The line drawn is “viable discourse from what is just hate speech.” A mind capable of critical thought might immediately see the problem with this claim of differentiation. One person’s “viable discourse” is another person’s “hate speech.” This isn’t a taxing concept. But it’s used to take the next step, or slide as the case may be.
Shutting down rhetoric that undermines the existence and rights of others is not a violation of free speech; it is hate speech.
If only a scholar would explain the unfortunate circularity of this reasoning, as they are using their value judgement of hate speech to undermine the existence and rights of others, making their speech hate speech as well.
But then comes an homage to originalism:
The founding fathers put free speech in the Constitution as a way to protect the disenfranchised and to protect individual citizens from the power of the government.
What’s notable here is the inclusion of the word “disenfranchised,” which is true only because it is a subset of the whole, as suggested by the second clause. That, too, is true, but only because it, too, is a subset of the whole. Yes, free speech protects the disenfranchised because it protects everyone. Yes, free speech protects individual citizens, as well as groups of people in whatever forms of association they create. They have the right to associate, and not associate, as well. It’s also in the Constitution. In fact, it’s in the same Amendment as free speech.
We at The Wellesley News, are not interested in any type of tone policing. The emotional labor required to educate people is immense and is additional weight that is put on those who are already forced to defend their human rights. There is no denying that problematic opinions need to be addressed in order to stop Wellesley from becoming a place where hate speech and casual discrimination is okay. However, as a community we need to make an effort to have this dialogue in a constructive and educational way in order to build our community up.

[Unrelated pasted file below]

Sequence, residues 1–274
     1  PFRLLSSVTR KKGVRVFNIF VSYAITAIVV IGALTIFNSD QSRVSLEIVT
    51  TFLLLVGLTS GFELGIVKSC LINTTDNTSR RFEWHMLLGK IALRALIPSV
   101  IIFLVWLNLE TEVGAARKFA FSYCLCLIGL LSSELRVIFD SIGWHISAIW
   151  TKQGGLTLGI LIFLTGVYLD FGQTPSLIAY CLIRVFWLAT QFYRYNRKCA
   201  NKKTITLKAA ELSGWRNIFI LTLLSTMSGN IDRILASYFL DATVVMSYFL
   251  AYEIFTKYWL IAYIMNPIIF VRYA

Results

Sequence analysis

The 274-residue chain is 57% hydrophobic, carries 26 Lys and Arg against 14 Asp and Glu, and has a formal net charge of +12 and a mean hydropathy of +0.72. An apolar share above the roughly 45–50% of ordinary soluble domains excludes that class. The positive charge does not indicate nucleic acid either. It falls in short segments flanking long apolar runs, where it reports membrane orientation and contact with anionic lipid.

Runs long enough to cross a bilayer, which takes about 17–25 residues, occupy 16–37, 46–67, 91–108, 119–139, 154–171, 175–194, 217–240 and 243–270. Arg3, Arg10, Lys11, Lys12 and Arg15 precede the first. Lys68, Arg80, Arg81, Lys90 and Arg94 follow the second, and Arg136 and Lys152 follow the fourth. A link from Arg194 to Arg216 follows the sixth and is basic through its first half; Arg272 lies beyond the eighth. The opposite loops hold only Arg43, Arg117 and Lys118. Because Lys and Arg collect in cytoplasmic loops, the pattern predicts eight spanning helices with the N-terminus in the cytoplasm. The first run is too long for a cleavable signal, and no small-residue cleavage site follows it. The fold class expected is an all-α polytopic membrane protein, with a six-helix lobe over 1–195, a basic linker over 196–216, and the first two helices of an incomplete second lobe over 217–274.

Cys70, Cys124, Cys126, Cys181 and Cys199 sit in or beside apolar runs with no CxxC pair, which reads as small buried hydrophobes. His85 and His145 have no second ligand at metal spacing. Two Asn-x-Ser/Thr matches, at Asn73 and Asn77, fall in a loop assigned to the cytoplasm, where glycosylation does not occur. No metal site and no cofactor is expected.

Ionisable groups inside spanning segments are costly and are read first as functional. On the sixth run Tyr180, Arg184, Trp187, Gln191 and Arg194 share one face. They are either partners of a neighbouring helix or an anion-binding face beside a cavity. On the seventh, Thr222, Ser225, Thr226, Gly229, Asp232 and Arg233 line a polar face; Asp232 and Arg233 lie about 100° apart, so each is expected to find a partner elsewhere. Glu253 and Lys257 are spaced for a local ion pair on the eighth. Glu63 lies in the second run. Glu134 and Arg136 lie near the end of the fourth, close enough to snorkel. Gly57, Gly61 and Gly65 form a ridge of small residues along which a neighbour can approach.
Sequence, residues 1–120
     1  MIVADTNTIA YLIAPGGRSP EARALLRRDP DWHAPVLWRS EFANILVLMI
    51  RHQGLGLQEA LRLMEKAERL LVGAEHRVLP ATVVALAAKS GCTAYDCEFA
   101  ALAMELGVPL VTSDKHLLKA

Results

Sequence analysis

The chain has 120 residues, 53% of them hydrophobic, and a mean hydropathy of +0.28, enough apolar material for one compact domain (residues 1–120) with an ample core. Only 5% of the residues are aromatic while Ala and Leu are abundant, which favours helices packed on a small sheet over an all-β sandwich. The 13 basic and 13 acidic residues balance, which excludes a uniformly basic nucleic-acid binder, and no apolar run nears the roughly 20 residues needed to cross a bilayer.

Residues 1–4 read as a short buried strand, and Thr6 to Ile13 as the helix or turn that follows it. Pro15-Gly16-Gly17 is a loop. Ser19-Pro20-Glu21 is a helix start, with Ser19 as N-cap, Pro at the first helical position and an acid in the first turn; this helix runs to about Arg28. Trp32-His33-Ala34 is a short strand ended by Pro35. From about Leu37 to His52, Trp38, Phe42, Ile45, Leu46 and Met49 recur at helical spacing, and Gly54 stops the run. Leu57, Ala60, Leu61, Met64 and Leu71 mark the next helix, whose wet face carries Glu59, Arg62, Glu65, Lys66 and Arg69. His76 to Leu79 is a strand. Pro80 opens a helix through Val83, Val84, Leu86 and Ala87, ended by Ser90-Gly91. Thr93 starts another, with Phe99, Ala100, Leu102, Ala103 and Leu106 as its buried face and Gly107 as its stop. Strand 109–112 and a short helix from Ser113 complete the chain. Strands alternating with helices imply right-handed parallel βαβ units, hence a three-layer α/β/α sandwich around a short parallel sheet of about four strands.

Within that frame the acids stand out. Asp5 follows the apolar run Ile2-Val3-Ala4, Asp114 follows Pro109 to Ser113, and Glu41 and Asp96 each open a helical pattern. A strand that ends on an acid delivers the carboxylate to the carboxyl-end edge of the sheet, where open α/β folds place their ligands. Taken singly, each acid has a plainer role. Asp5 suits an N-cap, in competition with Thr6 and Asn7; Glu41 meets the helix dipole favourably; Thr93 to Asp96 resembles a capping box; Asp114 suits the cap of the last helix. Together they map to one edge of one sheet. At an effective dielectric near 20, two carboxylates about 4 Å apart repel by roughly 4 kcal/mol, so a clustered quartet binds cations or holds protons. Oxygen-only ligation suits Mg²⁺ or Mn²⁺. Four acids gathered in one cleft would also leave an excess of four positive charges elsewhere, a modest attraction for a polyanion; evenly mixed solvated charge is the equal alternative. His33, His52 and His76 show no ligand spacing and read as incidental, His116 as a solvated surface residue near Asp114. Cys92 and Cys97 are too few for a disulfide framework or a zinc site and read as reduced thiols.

The women of Wellesley College end their argument in a fashion similar to how they began.
We are not interested in tone policing. Rather, we will tone police in an effort to have a dialogue limited to only those ideas we approve of.
That the Wellesley News wrote an editorial devoid of reason, another standard word salad of conflicting jargon, isn’t exactly breaking news. That this comes from a college that was once thought to represent smart women is, of course, disturbing. That this made it past an academic adviser, if that happened, suggests that parents of these students deserve a refund.
But that it is the view of a newspaper, even a student newspaper, that censorship of speech and ideas taxes their “emotional labor” means that these girls, when they leave the hot house for the grown-up world, will bring with them their inability to grasp fallacious arguments, uncritical belief in in flawed ideas and their love of censorship.
This editorial was written to address the criticism of censorship on campus, the worst demon any journalist, student or otherwise, can face. They stared their demon in the eye and hugged it. They confronted their demon and surrendered.
*It appears that Wellesley may have disappeared its post. However, the web remembers.